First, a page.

WHITE PLAINS, NY — Westchester County is decriminalizing marijuana possession of two ounces or less.
Under this new policy, the possession of small amounts of marijuana will no longer result in a criminal conviction negating the collateral damage such a conviction might impose.
The changes in prosecution of these current laws with take effect Monday, Jan. 14, 2019: Unlawful Possession of Marijuana (Penal Law § 221.05, a Violation) and Criminal Possession of Marijuana in the Fifth Degree (Penal Law § 221.10, a Class B misdemeanor)
The Westchester County District Attorney’s Office will no longer prosecute (i) the violation offense in Penal Law § 221.05, Unlawful Possession of Marijuana, and (ii) the B misdemeanor offense in Penal Law § 221.10 (2), Criminal Possession of Marijuana in the Fifth Degree, based on the possession of an aggregate weight of more than 25 grams, provided the person is only charged with those offenses.
Regarding the second charge, the DA’s Office will prosecute the B misdemeanor offense in Penal Law § 221.10 (1) only as a violation (under Penal Law § 221.05 for the Unlawful Possession of Marijuana) when a person possesses, in a public place, burning or publicly viewable marijuana, provided the person is only charged with this offense. This will avoid the stigma of a criminal record for many of our young people with long-lasting negative consequences disproportionate to the minor nature of the offense.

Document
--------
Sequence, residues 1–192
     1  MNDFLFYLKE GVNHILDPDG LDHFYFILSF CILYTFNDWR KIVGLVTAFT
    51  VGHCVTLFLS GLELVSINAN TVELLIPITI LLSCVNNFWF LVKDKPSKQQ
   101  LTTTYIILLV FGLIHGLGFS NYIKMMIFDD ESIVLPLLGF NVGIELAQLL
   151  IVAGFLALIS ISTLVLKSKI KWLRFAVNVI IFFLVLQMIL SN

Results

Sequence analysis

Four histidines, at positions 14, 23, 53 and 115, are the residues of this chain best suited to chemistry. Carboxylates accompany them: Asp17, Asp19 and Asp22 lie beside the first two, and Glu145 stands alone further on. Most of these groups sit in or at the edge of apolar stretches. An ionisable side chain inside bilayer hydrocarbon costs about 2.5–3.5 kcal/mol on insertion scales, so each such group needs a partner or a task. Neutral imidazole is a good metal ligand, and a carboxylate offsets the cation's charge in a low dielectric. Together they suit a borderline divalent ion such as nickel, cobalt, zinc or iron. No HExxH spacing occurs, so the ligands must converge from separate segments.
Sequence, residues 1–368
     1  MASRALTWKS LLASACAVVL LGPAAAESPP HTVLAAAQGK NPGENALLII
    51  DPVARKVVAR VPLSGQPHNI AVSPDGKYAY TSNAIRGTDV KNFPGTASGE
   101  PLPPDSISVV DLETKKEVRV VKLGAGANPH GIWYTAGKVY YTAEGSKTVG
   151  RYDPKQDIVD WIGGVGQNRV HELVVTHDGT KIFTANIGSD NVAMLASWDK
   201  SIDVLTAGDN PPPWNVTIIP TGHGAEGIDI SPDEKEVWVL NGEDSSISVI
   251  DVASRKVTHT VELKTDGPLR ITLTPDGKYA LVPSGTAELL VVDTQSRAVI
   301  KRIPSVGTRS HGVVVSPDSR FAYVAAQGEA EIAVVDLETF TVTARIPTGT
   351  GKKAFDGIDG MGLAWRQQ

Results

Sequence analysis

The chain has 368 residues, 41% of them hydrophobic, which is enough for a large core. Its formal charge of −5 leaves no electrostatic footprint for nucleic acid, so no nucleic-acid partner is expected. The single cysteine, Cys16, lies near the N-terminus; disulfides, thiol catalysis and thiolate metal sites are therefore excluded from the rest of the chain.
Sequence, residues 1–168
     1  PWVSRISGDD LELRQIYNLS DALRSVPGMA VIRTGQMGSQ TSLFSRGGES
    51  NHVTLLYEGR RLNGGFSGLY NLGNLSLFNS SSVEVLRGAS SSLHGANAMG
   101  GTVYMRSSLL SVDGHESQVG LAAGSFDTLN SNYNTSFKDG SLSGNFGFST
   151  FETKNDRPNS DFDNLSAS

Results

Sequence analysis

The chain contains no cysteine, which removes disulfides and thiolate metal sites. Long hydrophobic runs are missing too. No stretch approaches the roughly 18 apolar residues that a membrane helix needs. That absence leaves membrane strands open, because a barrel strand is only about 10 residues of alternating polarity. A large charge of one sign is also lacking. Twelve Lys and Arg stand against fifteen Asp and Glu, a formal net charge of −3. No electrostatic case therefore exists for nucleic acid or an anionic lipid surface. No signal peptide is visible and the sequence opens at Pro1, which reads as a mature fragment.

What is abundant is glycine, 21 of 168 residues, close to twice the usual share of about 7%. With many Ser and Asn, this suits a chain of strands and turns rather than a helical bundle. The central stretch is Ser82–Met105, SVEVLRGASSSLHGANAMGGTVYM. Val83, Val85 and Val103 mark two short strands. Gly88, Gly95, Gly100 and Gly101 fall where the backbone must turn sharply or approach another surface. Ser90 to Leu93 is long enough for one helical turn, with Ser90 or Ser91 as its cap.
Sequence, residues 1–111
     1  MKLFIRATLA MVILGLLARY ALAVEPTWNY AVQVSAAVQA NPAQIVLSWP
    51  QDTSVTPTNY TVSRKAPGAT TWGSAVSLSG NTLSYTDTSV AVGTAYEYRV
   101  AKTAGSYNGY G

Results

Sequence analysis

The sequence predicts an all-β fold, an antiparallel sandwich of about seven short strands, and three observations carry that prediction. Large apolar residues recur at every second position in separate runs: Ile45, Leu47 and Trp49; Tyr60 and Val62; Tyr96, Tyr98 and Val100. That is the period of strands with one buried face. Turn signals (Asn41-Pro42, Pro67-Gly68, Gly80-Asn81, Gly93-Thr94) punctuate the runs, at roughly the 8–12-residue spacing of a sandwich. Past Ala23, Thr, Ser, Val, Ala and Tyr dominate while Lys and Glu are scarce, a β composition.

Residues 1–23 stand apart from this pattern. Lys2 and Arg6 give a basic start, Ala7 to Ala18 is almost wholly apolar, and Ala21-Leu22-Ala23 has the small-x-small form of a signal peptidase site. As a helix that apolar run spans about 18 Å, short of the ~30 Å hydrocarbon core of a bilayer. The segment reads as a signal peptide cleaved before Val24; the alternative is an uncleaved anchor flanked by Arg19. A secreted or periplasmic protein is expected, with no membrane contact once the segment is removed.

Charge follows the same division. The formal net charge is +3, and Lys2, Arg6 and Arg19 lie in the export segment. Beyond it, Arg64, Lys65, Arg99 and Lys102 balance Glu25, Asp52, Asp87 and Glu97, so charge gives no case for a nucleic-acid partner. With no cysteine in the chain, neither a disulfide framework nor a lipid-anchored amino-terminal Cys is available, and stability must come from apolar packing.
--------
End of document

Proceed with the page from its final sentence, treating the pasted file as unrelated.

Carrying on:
The District Attorney’s review of the prosecution of lower level marijuana offenses is ongoing, and further changes will be announced as they are adopted.
“After a careful review of marijuana cases in Westchester, as well as discussions with police, community leaders and advocates, we have made the decision to change how we prosecute such offenses,” said Westchester County District Attorney Anthony A. Scarpino, Jr. “This decision not to prosecute specific cases will allow many people to move forward with their lives without the stigma attached to criminal records of any kind, records that cause discrimination in housing, job and school applications. Much of this has burdened our minority communities and we believe it is time to rectify that.”
“This change in how low-level marijuana cases are handled is also aimed at a better use of public resources. What has been spent on arrests and prosecutions can now be used to focus on more serious crimes,” Scarpino added.
Scarpino is urging Governor Cuomo and state legislators to create a uniform approach to prosecuting marijuana offenses and end the disparity currently in place from county to county.